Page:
Healthy eating for teensHHealthy eating for teensHealthy eating for teensEnglishDevelopmentalTeen (13-18 years)NANAHealthy living and preventionCaregivers Adult (19+)NA2020-03-23T04:00:00Z6.9000000000000063.50000000000001116.00000000000Flat ContentHealth A-Z<p>Here are some helpful tips on how to meet the needs of a teen's growing body.</p><p>The teen years are a time of rapid growth. They need extra nutrients to support bone growth, hormonal changes, and organ and tissue development, including the brain. The two main nutrients of concern for teenagers are <a href="/article?contentid=1448&language=English">calcium</a> and <a href="/article?contentid=1450&language=English">iron</a>.​<br></p><h2>Key points</h2><ul><li>Teens need extra nutrients to support bone growth, hormonal changes and organ and tissue development, including the brain.</li><li>Teens should eat breakfast, drink water and limit highly processed food, sugary drinks and eating out.</li><li>Healthy eating habits and physical activity can help lower the risk of obesity.<br></li></ul>
Alimentation saine pour les adosAAlimentation saine pour les adosHealthy eating for teensFrenchDevelopmentalTeen (13-18 years)NANAHealthy living and preventionCaregivers Adult (19+)NA2010-05-06T04:00:00Z000Flat ContentHealth A-Z<p>Les ados ne s'alimentent pas toujours correctement. Voici certains trucs utiles sur la façon de répondre aux besoins corporels pour une personne en croissance.</p><p>L'adolescence est une période de croissance rapide. Les adolescents ont davantage besoin de nutriments pour soutenir la croissance de leurs os, les changements hormonaux, le développement des organes et des tissus, y compris du cerveau. Les deux principaux nutriments d'importance pour les adolescents sont le <a href="/article?contentid=1448&language=French">calcium</a> et le <a href="/article?contentid=1450&language=French">fer</a>.</p><h2>À retenir</h2> <ul> <li>Les adolescents ont davantage besoin de nutriments pour soutenir la croissance de leurs os, les changements hormonaux, le développement des organes et des tissus, y compris du cerveau.</li> <li>Le calcium est un nutriment important pour les adolescents. Il contribue à la croissance des os. Hors mis les produits laitiers, on trouve du calcium dans les amandes, le broccoli cuit, le chou bok choy cuit et les figues.</li> <li>Le fer est aussi un nutriment important pour les ados. On le trouve dans le soja, les haricots cuits, les lentilles ainsi que le brocoli et le pak choi.</li> <li>Tous les ados, y compris les actifs, répondront à leurs besoins en nutriments en suivant les portions recommandées par le guide « Bien manger avec le Guide alimentaire canadien ».</li> <li>Afin de manger sainement, les ados devraient toujours déjeuner le matin tout en limitant la restauration rapide type fast food, les boissons gazeuses et le fait de manger à l'extérieur de chez soi.</li> <li>Des habitudes alimentaires saines et l'activité physique peuvent contribuer à diminuer le risque d'obésité.</li> </ul>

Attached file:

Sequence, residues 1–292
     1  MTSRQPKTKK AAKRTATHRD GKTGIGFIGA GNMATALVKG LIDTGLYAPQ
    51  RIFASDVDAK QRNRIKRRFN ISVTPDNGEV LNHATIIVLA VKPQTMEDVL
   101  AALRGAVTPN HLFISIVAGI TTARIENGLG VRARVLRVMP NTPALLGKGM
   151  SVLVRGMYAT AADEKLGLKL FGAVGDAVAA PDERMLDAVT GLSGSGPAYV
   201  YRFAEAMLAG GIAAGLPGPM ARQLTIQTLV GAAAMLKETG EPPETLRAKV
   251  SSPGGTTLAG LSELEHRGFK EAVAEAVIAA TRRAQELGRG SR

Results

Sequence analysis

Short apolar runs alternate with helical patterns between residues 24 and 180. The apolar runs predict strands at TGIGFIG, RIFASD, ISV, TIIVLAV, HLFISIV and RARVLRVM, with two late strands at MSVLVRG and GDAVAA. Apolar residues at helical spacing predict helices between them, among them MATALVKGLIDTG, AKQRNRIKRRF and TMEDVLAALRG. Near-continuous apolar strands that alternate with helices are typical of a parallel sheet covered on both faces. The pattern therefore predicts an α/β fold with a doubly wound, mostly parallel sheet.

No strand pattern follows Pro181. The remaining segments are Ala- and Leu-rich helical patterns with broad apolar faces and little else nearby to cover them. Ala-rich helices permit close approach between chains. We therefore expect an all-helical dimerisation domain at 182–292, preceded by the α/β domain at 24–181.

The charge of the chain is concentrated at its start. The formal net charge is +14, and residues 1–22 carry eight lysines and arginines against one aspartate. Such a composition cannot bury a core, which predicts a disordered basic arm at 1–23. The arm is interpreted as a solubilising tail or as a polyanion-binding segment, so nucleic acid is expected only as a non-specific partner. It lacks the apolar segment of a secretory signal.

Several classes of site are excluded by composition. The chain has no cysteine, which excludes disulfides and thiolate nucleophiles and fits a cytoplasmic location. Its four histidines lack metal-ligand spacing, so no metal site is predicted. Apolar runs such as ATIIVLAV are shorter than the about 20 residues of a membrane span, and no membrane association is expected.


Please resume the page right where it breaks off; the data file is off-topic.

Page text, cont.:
Healthy eating for teens638.000000000000Healthy eating for teensHealthy eating for teensHEnglishDevelopmentalTeen (13-18 years)NANAHealthy living and preventionCaregivers Adult (19+)NA2020-03-23T04:00:00Z6.9000000000000063.50000000000001116.00000000000Flat ContentHealth A-Z<p>Here are some helpful tips on how to meet the needs of a teen's growing body.</p><p>The teen years are a time of rapid growth. They need extra nutrients to support bone growth, hormonal changes, and organ and tissue development, including the brain. The two main nutrients of concern for teenagers are <a href="/article?contentid=1448&language=English">calcium</a> and <a href="/article?contentid=1450&language=English">iron</a>.​<br></p><h2>Key points</h2><ul><li>Teens need extra nutrients to support bone growth, hormonal changes and organ and tissue development, including the brain.</li><li>Teens should eat breakfast, drink water and limit highly processed food, sugary drinks and eating out.</li><li>Healthy eating habits and physical activity can help lower the risk of obesity.<br></li></ul><h2>Calcium</h2><p>Calcium is important for bone growth. If teens optimize their bone health, they have a decreased risk of fractures and of developing osteoporosis during adulthood. Females are particularly at risk if they do not meet their calcium requirements. Females aged 13 to 17 have a daily recommended intake (DRI) of 1300 mg/day. Males of the same age meet their requirements at about 1400 mg/day. Most teens do not meet these daily requirements. </p><h3>The following chart lists various dairy and non-dairy sources of calcium:</h3><table class="akh-table"><thead><tr><th>Food item</th><th>Serving size</th><th>Amount of calcium (mg)</th></tr></thead><tbody><tr><td>Almonds</td><td>¼ cup (50 ml)</td><td>75</td></tr><tr><td>Bok choy, cooked</td><td>½ cup (125 ml)</td><td>85</td></tr><tr><td>Broccoli, cooked</td><td>½ cup (125 ml)</td><td>50</td></tr><tr><td>Figs</td><td>6 dried</td><td>150</td></tr><tr><td>Yogurt, fruit bottom</td><td>¾ cup (175 g)</td><td>215 to 280</td></tr><tr><td>Yogurt, plain</td><td>¾ cup (175 g)</td><td>265 to 320</td></tr><tr><td>Cheese</td><td>50g</td><td>355 to 435</td></tr><tr><td>Milk</td><td>1 cup (250 ml)</td><td>300 to 320</td></tr><tr><td>Orange juice fortified with calcium</td><td>½ cup (125 ml)</td><td>150</td></tr><tr><td>Rice or soy beverage, fortified</td><td>1 cup (250 ml)</td><td>300</td></tr><tr><td>Soybeans, cooked</td><td>½ cup (125 ml)</td><td>90</td></tr><tr><td>White beans</td><td>½ cup (125 ml)</td><td>100</td></tr><tr><td>Salmon, canned with bones</td><td>3oz</td><td>180</td></tr><tr><td>Sardines, canned with bones</td><td>4</td><td>180</td></tr></tbody></table><h2>Iron</h2><p>Iron is another important nutrient for teenagers. Teens need iron as they gain lean body mass. Females also need iron when they start <a href="/article?contentid=299&language=English">menstruating</a>. On average, male teens meet their iron requirements with little difficulty. However, females aged 13 to 17 barely meet their requirements of 15 mg per day. </p><h3>Females should try to increase their iron intake with some of the following suggestions:</h3><table class="akh-table"><thead><tr><th>Food item</th><th>Serving size</th><th>Amount of iron (mg)</th></tr></thead><tbody><tr><td>Soybeans, cooked</td><td>½ cup (125 ml)</td><td>4.4</td></tr><tr><td>Tofu, firm</td><td>½ cup (125 g)</td><td>6.6</td></tr><tr><td>Baked beans, cooked</td><td>½ cup (125 ml)</td><td>1.7</td></tr><tr><td>Chickpeas or kidney beans</td><td>½ cup (125 ml)</td><td>2.4 to 2.6</td></tr><tr><td>Lentils</td><td>½ cup (125 ml)</td><td>3.3</td></tr><tr><td>Lima/navy/pinto beans</td><td>½ cup (125 ml)</td><td>2.2</td></tr><tr><td>Almonds</td><td>¼ cup (60 ml)</td><td>1.5</td></tr><tr><td>Cashews</td><td>¼ cup (60 ml)</td><td>2.1</td></tr><tr><td>Cereal, fortified</td><td>28 g</td><td>2.1 to 18</td></tr><tr><td>Egg, hard-boiled</td><td>1 large (50 g)</td><td>0.59</td></tr><tr><td>Chicken breast, broiled</td><td>100 g</td><td>1.07</td></tr><tr><td>Beef, top sirloin, broiled</td><td>100 g</td><td>1.73</td></tr><tr><td>Apricots, dried</td><td>¼ cup (60 ml)</td><td>1.5</td></tr><tr><td>Dried figs or raisins</td><td>¼ cup (60 ml)</td><td>1.1</td></tr><tr><td>Bok choy</td><td>½ cup (125 ml)</td><td>0.9</td></tr><tr><td>Broccoli or kale</td><td>½ cup (125 ml)</td><td>0.6 to 0.7</td></tr><tr><td>Potato, baked with skin</td><td>1 medium (173 g)</td><td>2.3</td></tr></tbody></table><h2>Food habits</h2><p>Along with physical changes, teens become more independent as they grow. Dietary options are one of the first decisions teens start making on their own. However, some teens tend to make poor food choices. Overall, teens tend to fail to meet their daily recommended amounts of vegetables and fruits and whole grains. In addition, teens often have increased intake of highly processed foods and foods or drinks that are high in sugar, sodium and saturated fats (see below). </p><h3>How can I help my preteen or teen make healthy snacking choices?</h3><div class="asset-video"> <iframe src="https://www.youtube.com/embed/wzMqPBJT_iI" frameborder="0"></iframe> <br></div><p>There are four major food habits of concern.<br></p><h3>Skipping breakfast</h3><p>Breakfast is an important meal of the day as it helps to ensure daily nutrient needs are being met. It also improves school performance and helps maintain a healthy weight. The majority of teens do not eat breakfast on a regular basis. </p><h3>Increased consumption of highly processed foods<br></h3><p>This includes foods such as soft drinks, snack foods, convenience foods and desserts. Everyone should aim to decrease their intake of these foods. However, for some teens, up to one half of their energy intake is from these other foods. This is of concern as highly processed foods are often high in fat, calories and sugar but are low in vitamins and minerals. </p><h3>Increased eating outside the home</h3><p>Eating outside the home has increased, and a lot of the foods consumed in restaurants are high in fat and calories, especially at fast food restaurants. There has been an increased consumption of pizza, cheese burgers, and salty snacks with teens, mostly due to eating out. Teens should aim to eat more food prepared within the home, especially snacks.<br></p><h3>Increased consumption of soft drinks <br></h3><p>A study looking at American youths aged 6 to 17 found soft drink consumption increased from 37 per cent in 1978 to 56 per cent in 1998. The increase in soft drink consumption could be attributed to the increase in restaurant eating.<br></p><h2>Active teens</h2><p>Active teens can get all the nutrients they need to play sports by following Canada's Food Guide. By doing so, they do not need to take supplements. Active teens may need a little more protein than inactive teens; however, this can be accomplished through diet alone. In fact, some protein supplements offer the same amount of protein found in a serving of meat, a half cup of tofu or a cup of milk. </p><p>Water is also important for active teens. Physical activity can make a teen <a href="/article?contentid=776&language=English">dehydrated</a>. Here are some tips on staying hydrated.<br></p><ul><li>Drink two to four cups of water one to two hours before physical activity. </li><li>Drink another two to four cups of water 10 to 15 minutes before physical activity. </li><li>Drink about a half cup of water every 15 minutes during physical activity. </li><li>Drink one to two cups of water after physical activity. </li><li>Remember to keep drinking water even if you don't feel thirsty. </li><li>Sports drinks and energy drinks are not usually necessary. For casual athletes, water is all you need.</li></ul><h2>Healthy eating tips for normal and overweight teens</h2><ul><li>Start by following Canada's Food Guide.</li><li>Increase intake of <a href="/article?contentid=1438&language=English">whole grains</a>, <a href="/article?contentid=1437&language=English">vegetables and fruits</a>. </li><li>Enjoy regular <a href="/article?contentid=642&language=English">physical activity</a>. </li><li>Eat three meals every day and enjoy snacks between meals. </li><li>Include protein-containing foods in meals and snacks.</li><li>Enjoy a variety of foods.</li><li>Choose healthy snacks such as vegetables and fruits, or baked snacks instead of fried. </li><li>Drink water instead of soft drinks, sugary juices or sports drinks. </li><li>Prepare food at home using whole grains, vegetables and fruits.</li><li>Limit foods high in sugar, sodium or saturated fat.</li><li>Eat <a href="/article?contentid=1942&language=English">fast food</a> and processed foods less often. </li><li>Eat when you're hungry; stop when you're full. </li><li>Pay attention to portion sizes. </li></ul><img alt="" src="https://assets.aboutkidshealth.ca/AKHAssets/healthy_eating_for_teens.jpg" style="BORDER:0px solid;" />https://assets.aboutkidshealth.ca/AKHAssets/healthy_eating_for_teens.jpgHealthy eating for teensFalse